Ana Arriola Actually Interesting

    • Education

In the fourth episode of Actually Interesting, The Spinoff’s monthly podcast exploring the effect AI has on our lives, Russell Brown speaks to Ana Arriola, general manager and partner at Microsoft AI and Research, about ethics and transparency in tech.


Ana Arriola's talk at the recent Future of the Future seminar – about intersectionality, surveillance capitalism and the risks of AI – might not have been the stuff of your Dad's (or Steve Ballmer's) Microsoft, but it was actually a great reflection of the way Microsoft thinks now. In recent years, the company has devoted attention and resources to contemplating both the power of its technologies and ways to ensure they help rather than harm.


Most notably, there's FATE – for Fairness, Accountability, Transparency and Ethics – a Microsoft Research group set up to "study the complex social implications" of AI and related technologies and match those against the lessons of history. This year, FATE published a thoughtful paper on designing AI so it works for people with disabilities, and another on fairness in machine learning systems, which observes bluntly that the problem starts in the way the datasets on which ML systems are trained are curated. The same paper points out that AI design teams often don't know their systems are biased until they're publicly deployed and, to quote one software engineer, "someone raises hell online."


There's also the company's advisory board AI Ethics and Effects in Engineering and Research (Aether), which last year published a set of six principles for any work on facial recognition – and whose advice has apparently already led Microsoft to turn down significant AI product sales over ethics concerns. The company also publishes a general set of ethical principles for AI.


And Arriola – whose full job title is General Manager & Partner, AI + Research & Search – has established another group within the company, called ETCH ( Ethics, Transparency, Culture and Humanity). It's evident that Microsoft takes this stuff seriously – and that it's about more than simply aiming for diversity in recruitment.


"So much more," Arriola told me a couple the day before her talk at the seminar. "Diversity and inclusion just means making sure that there's safety and security within any given organisation, but it's really about global intersectionality. 
 
See acast.com/privacy for privacy and opt-out information.

In the fourth episode of Actually Interesting, The Spinoff’s monthly podcast exploring the effect AI has on our lives, Russell Brown speaks to Ana Arriola, general manager and partner at Microsoft AI and Research, about ethics and transparency in tech.


Ana Arriola's talk at the recent Future of the Future seminar – about intersectionality, surveillance capitalism and the risks of AI – might not have been the stuff of your Dad's (or Steve Ballmer's) Microsoft, but it was actually a great reflection of the way Microsoft thinks now. In recent years, the company has devoted attention and resources to contemplating both the power of its technologies and ways to ensure they help rather than harm.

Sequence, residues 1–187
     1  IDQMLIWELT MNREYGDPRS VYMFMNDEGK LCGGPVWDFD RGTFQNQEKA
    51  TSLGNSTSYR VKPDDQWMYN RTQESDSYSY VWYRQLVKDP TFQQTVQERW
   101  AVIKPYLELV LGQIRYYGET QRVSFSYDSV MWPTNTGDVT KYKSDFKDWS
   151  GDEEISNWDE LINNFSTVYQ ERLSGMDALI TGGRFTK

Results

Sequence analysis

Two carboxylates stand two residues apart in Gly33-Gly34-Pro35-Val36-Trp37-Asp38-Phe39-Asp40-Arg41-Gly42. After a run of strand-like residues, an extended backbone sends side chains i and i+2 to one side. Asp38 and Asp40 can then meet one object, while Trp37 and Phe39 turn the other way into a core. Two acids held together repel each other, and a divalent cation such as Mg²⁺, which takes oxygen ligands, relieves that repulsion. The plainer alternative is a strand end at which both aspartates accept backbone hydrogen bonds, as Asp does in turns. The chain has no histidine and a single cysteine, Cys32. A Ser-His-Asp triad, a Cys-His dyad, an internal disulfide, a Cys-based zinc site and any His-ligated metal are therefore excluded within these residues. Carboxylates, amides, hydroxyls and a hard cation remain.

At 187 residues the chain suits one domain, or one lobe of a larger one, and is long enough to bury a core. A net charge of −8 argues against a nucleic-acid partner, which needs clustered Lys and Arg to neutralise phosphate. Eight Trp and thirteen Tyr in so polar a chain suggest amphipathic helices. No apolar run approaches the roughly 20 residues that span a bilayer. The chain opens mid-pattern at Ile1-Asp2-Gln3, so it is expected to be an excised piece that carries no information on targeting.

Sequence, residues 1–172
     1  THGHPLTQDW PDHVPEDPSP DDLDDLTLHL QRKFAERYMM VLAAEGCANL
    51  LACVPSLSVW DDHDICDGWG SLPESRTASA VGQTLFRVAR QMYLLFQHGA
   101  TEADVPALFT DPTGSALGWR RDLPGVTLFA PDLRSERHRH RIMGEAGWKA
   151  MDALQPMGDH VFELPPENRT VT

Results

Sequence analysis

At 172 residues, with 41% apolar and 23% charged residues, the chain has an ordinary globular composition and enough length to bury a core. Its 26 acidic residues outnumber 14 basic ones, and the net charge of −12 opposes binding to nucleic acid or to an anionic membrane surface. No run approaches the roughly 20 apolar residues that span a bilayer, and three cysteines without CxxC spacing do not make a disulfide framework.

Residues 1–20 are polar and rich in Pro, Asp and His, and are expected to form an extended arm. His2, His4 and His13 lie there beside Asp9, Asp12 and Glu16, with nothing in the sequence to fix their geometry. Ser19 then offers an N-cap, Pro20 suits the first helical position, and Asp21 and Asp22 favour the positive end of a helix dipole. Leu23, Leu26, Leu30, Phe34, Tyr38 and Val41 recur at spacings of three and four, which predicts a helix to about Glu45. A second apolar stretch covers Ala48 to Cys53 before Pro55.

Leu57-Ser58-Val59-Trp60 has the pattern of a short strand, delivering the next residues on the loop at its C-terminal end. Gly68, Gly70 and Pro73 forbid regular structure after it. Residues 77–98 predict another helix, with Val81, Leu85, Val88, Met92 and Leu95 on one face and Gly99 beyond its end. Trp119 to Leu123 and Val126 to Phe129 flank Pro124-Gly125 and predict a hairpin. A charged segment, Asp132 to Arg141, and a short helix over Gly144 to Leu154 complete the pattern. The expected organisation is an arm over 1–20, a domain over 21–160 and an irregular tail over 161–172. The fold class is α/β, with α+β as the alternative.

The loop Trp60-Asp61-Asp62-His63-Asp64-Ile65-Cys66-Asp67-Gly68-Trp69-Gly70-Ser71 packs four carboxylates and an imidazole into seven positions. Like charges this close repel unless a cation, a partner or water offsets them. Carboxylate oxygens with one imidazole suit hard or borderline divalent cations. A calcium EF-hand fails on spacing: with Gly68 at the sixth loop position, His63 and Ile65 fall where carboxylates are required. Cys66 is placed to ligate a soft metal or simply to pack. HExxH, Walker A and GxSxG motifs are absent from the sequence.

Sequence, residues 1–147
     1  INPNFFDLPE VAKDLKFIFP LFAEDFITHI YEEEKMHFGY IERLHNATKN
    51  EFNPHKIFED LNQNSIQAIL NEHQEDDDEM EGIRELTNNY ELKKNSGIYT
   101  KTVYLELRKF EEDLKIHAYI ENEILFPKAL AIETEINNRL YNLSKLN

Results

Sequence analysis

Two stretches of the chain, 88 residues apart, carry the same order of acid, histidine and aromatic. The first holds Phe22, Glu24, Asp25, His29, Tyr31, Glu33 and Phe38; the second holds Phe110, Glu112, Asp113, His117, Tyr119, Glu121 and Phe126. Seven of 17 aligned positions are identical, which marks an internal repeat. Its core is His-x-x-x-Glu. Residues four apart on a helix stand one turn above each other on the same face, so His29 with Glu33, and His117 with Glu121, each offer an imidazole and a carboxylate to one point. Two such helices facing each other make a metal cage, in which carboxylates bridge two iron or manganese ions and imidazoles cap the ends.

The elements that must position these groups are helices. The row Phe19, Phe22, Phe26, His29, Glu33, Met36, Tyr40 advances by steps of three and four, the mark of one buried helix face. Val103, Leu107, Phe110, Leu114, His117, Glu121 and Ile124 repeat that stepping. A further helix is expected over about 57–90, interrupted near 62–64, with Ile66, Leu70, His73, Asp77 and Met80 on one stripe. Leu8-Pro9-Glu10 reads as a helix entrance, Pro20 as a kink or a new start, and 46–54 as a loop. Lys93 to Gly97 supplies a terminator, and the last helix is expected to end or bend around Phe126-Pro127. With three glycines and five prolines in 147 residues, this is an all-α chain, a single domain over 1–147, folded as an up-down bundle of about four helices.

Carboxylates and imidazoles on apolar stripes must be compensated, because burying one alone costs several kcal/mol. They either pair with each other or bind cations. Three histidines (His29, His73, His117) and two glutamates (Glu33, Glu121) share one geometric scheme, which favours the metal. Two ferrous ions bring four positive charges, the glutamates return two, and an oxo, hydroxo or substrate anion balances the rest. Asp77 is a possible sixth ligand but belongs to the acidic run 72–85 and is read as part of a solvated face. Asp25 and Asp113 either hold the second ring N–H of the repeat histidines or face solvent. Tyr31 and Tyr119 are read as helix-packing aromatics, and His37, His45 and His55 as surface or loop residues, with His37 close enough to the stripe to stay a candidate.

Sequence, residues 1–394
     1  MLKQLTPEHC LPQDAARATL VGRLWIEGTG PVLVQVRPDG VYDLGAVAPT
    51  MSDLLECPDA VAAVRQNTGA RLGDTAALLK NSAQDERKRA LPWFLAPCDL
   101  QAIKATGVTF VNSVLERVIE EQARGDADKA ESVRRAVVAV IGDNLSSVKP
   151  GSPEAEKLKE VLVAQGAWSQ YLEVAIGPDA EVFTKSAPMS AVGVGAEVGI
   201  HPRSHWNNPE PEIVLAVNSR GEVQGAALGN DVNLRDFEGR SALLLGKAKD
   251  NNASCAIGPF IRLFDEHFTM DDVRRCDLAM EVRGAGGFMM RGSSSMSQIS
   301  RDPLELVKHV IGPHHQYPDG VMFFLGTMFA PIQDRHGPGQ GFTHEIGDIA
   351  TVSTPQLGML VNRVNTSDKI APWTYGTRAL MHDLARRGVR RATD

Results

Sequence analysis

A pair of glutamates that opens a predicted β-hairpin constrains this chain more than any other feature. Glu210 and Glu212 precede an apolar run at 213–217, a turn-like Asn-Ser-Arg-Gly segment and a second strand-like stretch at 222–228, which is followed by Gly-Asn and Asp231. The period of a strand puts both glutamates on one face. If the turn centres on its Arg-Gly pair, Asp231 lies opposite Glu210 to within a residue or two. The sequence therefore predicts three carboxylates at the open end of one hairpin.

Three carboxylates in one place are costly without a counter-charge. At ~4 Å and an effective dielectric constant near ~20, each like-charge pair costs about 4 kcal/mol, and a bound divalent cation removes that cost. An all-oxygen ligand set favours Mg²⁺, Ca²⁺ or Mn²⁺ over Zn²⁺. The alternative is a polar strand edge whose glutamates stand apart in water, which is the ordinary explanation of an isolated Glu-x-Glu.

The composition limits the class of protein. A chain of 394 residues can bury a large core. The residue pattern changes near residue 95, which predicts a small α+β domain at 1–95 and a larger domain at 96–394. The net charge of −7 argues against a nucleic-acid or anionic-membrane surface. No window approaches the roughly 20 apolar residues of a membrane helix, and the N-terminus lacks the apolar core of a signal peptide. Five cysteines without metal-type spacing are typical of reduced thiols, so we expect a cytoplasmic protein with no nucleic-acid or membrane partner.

Most notably, there's FATE – for Fairness, Accountability, Transparency and Ethics – a Microsoft Research group set up to "study the complex social implications" of AI and related technologies and match those against the lessons of history. This year, FATE published a thoughtful paper on designing AI so it works for people with disabilities, and another on fairness in machine learning systems, which observes bluntly that the problem starts in the way the datasets on which ML systems are trained are curated. The same paper points out that AI design teams often don't know their systems are biased until they're publicly deployed and, to quote one software engineer, "someone raises hell online."


There's also the company's advisory board AI Ethics and Effects in Engineering and Research (Aether), which last year published a set of six principles for any work on facial recognition – and whose advice has apparently already led Microsoft to turn down significant AI product sales over ethics concerns. The company also publishes a general set of ethical principles for AI.


And Arriola – whose full job title is General Manager & Partner, AI + Research & Search – has established another group within the company, called ETCH ( Ethics, Transparency, Culture and Humanity). It's evident that Microsoft takes this stuff seriously – and that it's about more than simply aiming for diversity in recruitment.


"So much more," Arriola told me a couple the day before her talk at the seminar. "Diversity and inclusion just means making sure that there's safety and security within any given organisation, but it's really about global intersectionality. 
 
See acast.com/privacy for privacy and opt-out information.

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